Sig Sauer P365 Upgrade Part 1
Sig fine-tunes the smallest blowback action pistol
By Dennis Adler
In 2019 Sig did what no airgun manufacturer had done before, they designed a Micro Compact blowback action CO2 pistol with a self-contained CO2 BB magazine. That in itself, sold a lot of guns, but in order to make a CO2 pistol this small, one that could use a 12 gram CO2 cartridge, meant that there were some big hurdles for the Sig Sauer’s Sig Air Division engineers to clear. Back in the summer of 2019, Sig Air’s Product Manager Dani Navickas, said that “Sig likes to challenge their R&D engineers, so it was actually a challenge to the R&D team to completely replicate the [9mm] P365 in 1:1 scale so it would be a great training tool. It had to be an equal.” In all of those respects the CO2 model achieved its goals, as I proved in my comparison between the CO2 model and the 9mm pistol last year, but the air pistol nevertheless fell a little short of (consumer) expectations in velocity, and its small size had some unforeseen complications. The first series of P365 models were nevertheless impressive for their authenticity to the 9mm Sig and accuracy with .177 caliber BBs out to 21 feet. For such a small air pistol the precision handling all but made up for the gun’s minor shortcomings.
Engineers and designers, especially in the world of firearms, being people who strive to do new things or to improve existing things, are never ones to leave well enough alone, and in Sig Air’s R&D department, where feedback from reviewers (journalists) and consumers was taken seriously, the P365 was generating questions about its performance and handling, that Navickas and her team were dedicated to addressing. The P365 models currently in production for 2020 are improved over last year’s guns in small, but meaningful ways.
Not P365 2.0
This isn’t about a new model, let’s say for example, the Umarex Walther PPS and PPS M2, where there are multiple changes to the gun’s (and air pistol’s) design and handling; the changes to the Sig Sauer P365 CO2 model is more about fine tuning the 2020 models to improve performance and handling within the same design.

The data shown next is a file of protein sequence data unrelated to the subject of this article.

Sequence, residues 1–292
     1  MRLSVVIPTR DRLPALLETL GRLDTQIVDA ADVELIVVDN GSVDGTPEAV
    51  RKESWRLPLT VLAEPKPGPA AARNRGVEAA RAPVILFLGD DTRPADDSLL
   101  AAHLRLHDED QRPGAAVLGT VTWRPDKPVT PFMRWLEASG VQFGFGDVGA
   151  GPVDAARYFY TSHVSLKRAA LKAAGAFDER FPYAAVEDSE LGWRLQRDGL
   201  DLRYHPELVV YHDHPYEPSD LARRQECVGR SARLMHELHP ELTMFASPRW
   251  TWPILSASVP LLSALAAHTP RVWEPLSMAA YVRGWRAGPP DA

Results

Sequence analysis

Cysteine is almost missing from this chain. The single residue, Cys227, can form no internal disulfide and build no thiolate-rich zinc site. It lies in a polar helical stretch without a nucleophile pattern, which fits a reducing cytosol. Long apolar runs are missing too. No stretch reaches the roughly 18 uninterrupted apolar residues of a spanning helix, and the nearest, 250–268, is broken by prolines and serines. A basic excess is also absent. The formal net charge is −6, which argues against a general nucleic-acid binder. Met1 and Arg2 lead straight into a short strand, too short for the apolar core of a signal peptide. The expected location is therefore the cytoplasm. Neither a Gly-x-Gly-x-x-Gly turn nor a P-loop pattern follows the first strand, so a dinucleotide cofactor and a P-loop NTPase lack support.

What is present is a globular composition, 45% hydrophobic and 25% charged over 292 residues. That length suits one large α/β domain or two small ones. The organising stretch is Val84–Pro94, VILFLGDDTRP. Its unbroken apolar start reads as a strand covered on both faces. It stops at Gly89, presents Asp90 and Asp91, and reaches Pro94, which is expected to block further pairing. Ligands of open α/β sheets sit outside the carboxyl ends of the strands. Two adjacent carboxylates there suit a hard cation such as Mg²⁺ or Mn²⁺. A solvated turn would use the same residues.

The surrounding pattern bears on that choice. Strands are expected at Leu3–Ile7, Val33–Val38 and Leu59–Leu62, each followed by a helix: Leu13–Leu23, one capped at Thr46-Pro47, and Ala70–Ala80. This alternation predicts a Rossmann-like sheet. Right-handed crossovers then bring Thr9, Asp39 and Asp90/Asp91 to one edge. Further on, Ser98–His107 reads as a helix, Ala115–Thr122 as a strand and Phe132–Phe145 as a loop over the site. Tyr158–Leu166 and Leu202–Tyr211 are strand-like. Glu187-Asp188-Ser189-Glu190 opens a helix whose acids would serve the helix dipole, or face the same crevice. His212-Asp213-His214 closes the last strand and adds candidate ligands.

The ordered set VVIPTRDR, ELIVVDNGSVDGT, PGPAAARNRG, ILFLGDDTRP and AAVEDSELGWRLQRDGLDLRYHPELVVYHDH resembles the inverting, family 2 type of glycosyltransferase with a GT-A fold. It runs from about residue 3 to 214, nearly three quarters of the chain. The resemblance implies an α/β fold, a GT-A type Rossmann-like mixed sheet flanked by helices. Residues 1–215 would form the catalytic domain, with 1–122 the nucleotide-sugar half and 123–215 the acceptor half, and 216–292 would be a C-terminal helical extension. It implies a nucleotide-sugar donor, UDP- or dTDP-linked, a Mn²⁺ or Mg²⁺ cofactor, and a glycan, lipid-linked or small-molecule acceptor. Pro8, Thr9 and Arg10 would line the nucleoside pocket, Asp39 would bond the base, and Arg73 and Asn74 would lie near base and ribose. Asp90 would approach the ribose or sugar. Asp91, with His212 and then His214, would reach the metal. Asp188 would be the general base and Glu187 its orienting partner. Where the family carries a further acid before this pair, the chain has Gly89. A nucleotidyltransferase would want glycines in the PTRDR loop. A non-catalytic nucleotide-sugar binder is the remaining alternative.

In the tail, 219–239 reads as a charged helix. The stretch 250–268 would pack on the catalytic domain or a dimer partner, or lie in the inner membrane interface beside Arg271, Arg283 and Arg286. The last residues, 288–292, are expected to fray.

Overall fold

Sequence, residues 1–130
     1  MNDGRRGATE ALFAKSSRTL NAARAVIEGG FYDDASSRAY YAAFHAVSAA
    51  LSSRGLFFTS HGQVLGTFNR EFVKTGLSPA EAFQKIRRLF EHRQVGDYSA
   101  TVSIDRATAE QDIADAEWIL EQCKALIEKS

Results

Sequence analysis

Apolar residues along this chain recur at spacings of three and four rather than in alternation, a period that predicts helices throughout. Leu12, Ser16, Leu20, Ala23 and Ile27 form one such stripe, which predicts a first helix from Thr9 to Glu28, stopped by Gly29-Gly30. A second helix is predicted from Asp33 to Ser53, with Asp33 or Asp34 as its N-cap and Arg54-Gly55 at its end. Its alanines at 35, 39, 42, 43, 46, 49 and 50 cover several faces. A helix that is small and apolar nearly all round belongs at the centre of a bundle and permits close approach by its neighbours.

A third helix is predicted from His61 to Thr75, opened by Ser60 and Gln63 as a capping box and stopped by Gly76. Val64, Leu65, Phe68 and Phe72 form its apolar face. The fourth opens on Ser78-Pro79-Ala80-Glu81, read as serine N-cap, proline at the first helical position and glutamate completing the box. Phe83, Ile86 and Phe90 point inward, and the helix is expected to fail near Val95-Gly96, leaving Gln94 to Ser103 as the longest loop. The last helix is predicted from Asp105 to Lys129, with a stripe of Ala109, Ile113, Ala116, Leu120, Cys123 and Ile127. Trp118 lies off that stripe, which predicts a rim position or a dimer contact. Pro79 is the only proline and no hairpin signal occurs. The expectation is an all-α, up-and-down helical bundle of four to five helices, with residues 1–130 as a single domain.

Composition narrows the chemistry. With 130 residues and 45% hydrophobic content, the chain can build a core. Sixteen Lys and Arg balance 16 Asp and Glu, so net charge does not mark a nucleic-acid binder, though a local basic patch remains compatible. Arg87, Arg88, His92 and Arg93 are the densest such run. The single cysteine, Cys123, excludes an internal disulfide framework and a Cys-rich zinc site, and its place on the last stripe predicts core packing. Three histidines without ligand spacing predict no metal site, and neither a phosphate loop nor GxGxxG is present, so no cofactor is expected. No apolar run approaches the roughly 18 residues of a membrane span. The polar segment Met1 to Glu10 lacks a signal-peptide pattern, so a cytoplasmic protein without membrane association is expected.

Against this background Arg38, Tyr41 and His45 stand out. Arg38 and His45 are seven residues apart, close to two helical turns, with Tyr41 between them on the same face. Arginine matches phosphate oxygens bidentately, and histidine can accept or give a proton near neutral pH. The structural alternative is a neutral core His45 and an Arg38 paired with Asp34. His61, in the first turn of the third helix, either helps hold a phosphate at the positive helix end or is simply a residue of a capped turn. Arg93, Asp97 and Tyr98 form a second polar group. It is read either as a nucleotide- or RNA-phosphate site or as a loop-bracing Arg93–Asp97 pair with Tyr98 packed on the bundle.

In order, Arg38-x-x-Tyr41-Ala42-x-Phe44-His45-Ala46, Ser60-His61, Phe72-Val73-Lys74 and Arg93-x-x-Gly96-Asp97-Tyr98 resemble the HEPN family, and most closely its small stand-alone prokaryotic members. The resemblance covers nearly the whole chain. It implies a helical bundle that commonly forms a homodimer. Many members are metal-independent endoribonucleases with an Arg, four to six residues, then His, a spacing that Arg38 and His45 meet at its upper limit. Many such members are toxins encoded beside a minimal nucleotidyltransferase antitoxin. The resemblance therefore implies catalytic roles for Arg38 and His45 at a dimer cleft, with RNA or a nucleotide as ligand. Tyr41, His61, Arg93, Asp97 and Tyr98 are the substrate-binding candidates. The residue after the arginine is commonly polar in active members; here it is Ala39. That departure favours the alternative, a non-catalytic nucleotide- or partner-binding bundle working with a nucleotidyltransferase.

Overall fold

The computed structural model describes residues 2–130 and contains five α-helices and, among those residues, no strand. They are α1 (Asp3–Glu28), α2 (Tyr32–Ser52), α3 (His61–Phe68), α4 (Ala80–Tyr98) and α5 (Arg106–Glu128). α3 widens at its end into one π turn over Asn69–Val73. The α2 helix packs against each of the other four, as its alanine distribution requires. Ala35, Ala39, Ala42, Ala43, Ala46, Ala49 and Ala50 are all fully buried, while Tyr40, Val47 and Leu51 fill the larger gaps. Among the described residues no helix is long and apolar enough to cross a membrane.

One of the things I had pointed out was that due to its small size the CO2 cooled the gun every time you fired it. This lowered pressure and allowed liquid to escape into the ports. The compounding issue was the remarkably small size of the CO2 BB magazine which limited gas chambering and porting, thus making the pistol more sensitive to temperature swings. This, however, had shown no appreciable effect on the gun’s accuracy during my series of tests, but rather on the consistency of function and blowback action. Similar comments arose among consumers and Sig Air engineers addressed this with improvements to the porting and balance of the valve resulting in a P365 air pistol that is now “…less temperature sensitive and with a bit more blowback pep,” according to Sig Sauer.
In doing this there was the potential to create a new problem with more force being applied against internal parts, and Sig’s engineers “…decided to tinker with some of the internals on the slide to improve durability and increase the life expectancy of the pistol.” The latter is a big deal, as I’ll explain. Since the P365 CO2 model still cannot be field stripped, these are internal changes you will have to feel, rather than visually inspect. Sig Sauer engineers did, however, have a way to proof their design modifications by subjecting the CO2 model to the same endurance tests, using the same endurance test fixtures as the 9mm model. That means that the latest CO2 pistol design was put through “10,000… 15,000… and even 30,000…cycles and still fired just fine.” I doubt many of us will put 30,000 BBs through the gun.
Not done yet
The barrel tolerances were improved to increase compatibility with a wider variety of ammo and provide better accuracy across the board. Considering the original test gun was printing 1-inch to 1.5-inch groups at 21 feet with a 3.25 inch barrel, and putting at least five of 10 rounds into groups as small as 0.5 inches, the new model can only go from strength to strength.
There was one other recurring complaint involving the smoothness of the trigger pull. On the original test gun from 2019’s reviews, trigger pull was a short but firm 5 pounds, six ounces, with 0.3125 inches of total take up to a crisp break. The trigger moved back 0.25 inches with almost zero resistance, and from there was a very firm 0.125 inches to discharge, with no over travel and a quick reset. While heavy in terms of total resistance through the last 0.125 inches of pull, the total trigger pull compared favorably with the centerfire pistol’s 6 pound average, which is also moved back 0.25 inches with almost zero resistance, before a firm pull through of 0.25 inches to break the shot. The trigger on 2020 CO2 models has been improved with some extra polishing here and there to make it feel as close to the 9mm model as possible. We will get into the detail in Part 2, but I can tell you the difference is impressive.
In Part 2 we will begin comparisons with the 2019 and 2020 models to see how improvements play out.